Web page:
Wednesday, Aug. 29
Living in Antarctica in what I call the Worst Winter in the World can be likened to living through the ice age — surrounded by ice, in extreme temperatures, reliant on available food and warmth for survival. Living in the darkness, with various sleep difficulties, I have observed and documented changes in my own and fellow crew members’ day-night cycles over the past eight months, and I have noticed a strange change in my perception in the passing of time.In the 1960s and 1970s, important research was performed by a Frenchman, Michel Siffre, who in studying the effects of living underground in various caves for prolonged periods discovered the biology of time. This led to greater understanding of internal body clocks and cycles, now recognized as the scientific field of human chronobiology.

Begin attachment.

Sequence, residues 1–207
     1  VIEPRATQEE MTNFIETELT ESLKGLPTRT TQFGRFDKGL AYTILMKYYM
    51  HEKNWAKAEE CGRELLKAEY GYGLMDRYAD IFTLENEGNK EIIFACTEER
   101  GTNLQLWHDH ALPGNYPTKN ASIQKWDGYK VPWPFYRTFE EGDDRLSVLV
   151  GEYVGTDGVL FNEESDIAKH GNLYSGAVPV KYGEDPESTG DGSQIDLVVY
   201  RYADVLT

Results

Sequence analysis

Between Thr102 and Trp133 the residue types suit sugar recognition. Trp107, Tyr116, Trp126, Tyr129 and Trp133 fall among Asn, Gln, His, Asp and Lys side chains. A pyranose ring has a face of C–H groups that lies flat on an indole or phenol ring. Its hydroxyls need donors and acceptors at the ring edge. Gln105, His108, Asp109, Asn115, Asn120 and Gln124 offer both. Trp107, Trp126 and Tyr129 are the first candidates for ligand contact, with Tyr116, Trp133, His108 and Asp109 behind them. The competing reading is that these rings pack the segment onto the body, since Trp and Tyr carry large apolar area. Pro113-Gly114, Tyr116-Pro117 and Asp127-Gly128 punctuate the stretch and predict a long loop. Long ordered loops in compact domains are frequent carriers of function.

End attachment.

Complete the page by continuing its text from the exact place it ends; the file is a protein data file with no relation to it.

To read the rest of this article, please visitThe New York Times – Lost in Time in the Antarctic Ice Age
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